Running, Walking & Biking Path Is The Heart& Soul Of The South Bay
When The Strand was closed due as part of California’s #stayhome” orders during the coronavirus pandemic, it ripped the heart and soul right out of the South Bay Beach Cities.
The running, walking and bike path that runs parallel to the sand is essential to the Southern California lifestyle in Hermosa Beach, Manhattan Beach and Redondo Beach. It is how the South Bay rolls – quite literally – when it comes to exercise and entertainment.
The running part is obvious. The scenery is spectacular, with the wide tanned color of the sand, the piers and views of the Pacific Ocean. Yes, there is a beach but the sand is thick and difficult to traverse; The Strand provides a path of solid footing and the mile markers in Manhattan Beach help you keep track of your mileage (it’s two miles from one end of Manhattan Beach to the other and a mile and a half between the Hermosa and Manhattan piers.)
Walking is much the same and on any given morning, several of the well-heeled mothers can be seen in small groups chatting while pushing baby carriages.
Yet it is the biking that truly defines this area of Los Angeles a few miles south of the airport. One that tourists rarely see because they head to the more recognized places from a thousand movies and TV shows: Beverly Hills with its Rodeo Drive, Hollywood with its giant sign and Walk of Fame, Santa Monica with its big pier and Venice Beach with its street entertainers and cheap t-shirt shops.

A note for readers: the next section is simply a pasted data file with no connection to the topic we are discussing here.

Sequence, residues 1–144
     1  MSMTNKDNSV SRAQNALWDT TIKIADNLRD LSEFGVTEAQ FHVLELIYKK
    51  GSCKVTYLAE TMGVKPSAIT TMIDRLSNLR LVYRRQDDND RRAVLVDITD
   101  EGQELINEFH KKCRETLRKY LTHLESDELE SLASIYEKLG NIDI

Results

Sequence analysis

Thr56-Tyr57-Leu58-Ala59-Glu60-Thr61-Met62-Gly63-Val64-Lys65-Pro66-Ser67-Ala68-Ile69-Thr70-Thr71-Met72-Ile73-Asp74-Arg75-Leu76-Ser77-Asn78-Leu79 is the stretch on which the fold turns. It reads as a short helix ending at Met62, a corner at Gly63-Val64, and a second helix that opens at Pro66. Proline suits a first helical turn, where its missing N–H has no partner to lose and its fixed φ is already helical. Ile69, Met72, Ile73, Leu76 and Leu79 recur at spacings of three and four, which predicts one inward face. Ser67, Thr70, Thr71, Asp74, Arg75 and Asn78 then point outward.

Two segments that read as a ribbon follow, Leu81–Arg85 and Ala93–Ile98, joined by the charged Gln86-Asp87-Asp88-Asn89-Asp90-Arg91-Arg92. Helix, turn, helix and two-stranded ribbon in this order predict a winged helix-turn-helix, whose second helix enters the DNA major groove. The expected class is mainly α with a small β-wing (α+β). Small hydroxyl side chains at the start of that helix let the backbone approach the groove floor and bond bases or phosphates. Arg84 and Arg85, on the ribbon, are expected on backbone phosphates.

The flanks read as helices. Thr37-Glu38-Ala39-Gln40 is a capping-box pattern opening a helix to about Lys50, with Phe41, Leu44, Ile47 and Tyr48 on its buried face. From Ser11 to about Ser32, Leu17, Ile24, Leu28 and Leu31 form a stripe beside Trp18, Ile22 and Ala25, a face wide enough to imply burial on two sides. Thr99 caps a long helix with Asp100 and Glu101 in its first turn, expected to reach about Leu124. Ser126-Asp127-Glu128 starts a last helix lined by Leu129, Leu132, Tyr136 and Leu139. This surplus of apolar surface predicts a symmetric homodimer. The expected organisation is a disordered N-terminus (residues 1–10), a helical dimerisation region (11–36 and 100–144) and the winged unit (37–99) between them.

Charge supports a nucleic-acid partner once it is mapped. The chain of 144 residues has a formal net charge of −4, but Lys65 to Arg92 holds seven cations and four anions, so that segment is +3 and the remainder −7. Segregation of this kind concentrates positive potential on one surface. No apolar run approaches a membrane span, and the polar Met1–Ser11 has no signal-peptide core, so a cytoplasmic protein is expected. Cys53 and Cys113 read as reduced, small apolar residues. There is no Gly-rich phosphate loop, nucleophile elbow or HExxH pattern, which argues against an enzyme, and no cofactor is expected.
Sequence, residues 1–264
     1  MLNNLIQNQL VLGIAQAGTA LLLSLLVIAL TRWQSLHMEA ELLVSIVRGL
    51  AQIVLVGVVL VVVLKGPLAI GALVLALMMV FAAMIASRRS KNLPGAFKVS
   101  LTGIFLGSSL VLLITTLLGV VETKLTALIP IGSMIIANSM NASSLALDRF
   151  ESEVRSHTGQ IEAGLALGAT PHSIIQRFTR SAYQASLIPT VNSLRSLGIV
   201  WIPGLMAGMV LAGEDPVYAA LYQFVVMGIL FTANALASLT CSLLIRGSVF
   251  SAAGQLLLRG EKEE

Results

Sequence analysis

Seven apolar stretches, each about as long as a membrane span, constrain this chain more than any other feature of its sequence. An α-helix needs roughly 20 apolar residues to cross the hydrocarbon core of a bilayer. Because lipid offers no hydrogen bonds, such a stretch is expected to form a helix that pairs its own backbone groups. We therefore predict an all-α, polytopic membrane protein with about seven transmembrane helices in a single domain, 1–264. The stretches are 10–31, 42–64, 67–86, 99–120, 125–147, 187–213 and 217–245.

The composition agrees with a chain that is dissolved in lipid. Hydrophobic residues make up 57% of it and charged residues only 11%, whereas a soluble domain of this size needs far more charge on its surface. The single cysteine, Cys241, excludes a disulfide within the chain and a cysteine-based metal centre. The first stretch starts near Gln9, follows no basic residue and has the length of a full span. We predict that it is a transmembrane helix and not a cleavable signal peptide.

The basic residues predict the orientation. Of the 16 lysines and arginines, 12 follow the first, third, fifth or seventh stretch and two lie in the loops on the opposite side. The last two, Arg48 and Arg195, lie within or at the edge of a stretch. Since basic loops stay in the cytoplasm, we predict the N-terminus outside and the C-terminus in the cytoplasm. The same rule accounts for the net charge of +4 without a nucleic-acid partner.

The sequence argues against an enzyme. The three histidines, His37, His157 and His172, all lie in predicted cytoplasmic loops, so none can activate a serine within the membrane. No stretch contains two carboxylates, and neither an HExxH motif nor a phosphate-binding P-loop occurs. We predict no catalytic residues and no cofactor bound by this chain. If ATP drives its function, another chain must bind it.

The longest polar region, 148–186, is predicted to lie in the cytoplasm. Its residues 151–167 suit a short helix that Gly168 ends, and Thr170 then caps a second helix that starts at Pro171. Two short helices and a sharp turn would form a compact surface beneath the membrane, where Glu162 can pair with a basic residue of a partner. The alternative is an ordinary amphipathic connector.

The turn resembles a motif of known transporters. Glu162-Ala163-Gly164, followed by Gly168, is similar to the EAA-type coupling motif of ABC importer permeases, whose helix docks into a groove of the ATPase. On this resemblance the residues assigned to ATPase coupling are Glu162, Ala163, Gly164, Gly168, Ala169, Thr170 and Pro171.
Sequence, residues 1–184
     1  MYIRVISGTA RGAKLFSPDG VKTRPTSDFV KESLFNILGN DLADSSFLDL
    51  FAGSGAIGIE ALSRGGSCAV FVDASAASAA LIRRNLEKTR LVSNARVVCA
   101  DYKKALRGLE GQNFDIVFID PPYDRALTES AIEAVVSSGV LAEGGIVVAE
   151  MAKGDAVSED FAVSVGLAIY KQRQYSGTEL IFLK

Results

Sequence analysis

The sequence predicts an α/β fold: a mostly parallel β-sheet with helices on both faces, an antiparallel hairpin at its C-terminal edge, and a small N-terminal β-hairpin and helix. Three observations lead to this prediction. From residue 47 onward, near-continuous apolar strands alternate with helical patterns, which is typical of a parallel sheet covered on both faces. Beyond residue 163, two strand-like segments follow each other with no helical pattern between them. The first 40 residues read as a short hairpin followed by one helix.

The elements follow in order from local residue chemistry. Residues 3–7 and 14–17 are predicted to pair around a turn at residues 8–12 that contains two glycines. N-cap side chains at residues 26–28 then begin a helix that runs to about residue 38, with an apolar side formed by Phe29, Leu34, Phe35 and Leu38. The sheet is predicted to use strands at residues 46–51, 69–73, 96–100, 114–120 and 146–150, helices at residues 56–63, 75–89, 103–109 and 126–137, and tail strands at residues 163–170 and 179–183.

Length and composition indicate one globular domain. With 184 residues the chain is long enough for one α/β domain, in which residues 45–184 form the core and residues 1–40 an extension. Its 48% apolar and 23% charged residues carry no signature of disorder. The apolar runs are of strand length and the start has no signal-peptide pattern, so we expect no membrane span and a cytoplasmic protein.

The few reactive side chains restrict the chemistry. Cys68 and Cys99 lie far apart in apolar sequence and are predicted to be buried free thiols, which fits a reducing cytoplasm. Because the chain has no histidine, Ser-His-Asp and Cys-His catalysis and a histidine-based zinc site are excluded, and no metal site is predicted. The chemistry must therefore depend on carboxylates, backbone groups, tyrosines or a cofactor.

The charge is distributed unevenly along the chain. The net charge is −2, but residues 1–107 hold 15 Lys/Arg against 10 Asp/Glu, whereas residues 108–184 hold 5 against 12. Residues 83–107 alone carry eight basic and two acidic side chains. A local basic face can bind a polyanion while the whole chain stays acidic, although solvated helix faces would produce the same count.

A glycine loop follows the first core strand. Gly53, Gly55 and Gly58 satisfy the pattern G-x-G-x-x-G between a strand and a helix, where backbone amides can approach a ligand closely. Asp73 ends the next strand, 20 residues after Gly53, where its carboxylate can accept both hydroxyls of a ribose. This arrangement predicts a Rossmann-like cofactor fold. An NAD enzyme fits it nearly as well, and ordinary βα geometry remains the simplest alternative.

Bicycles on The Strand define the South Bay. It’s how we get around, how we transport ourselves to the big events such as Smackfest and the AVP, to go meet up with friends even to get to the bars and house parties.
It is where we go to watch the area’s spectacular sunsets.
In other words, it is an important and essential part of living here.
Taking away The Strand was like taking away a kid’s favorite video game and being sent to his or her room. Except nobody did anything wrong. It was punishment for committing no crime.
Opening it up – and the bike path runs for more than a dozen miles through Venice Beach and beyond the Santa Monica Pier – returns a major part of the culture to the residents of the South Bay.
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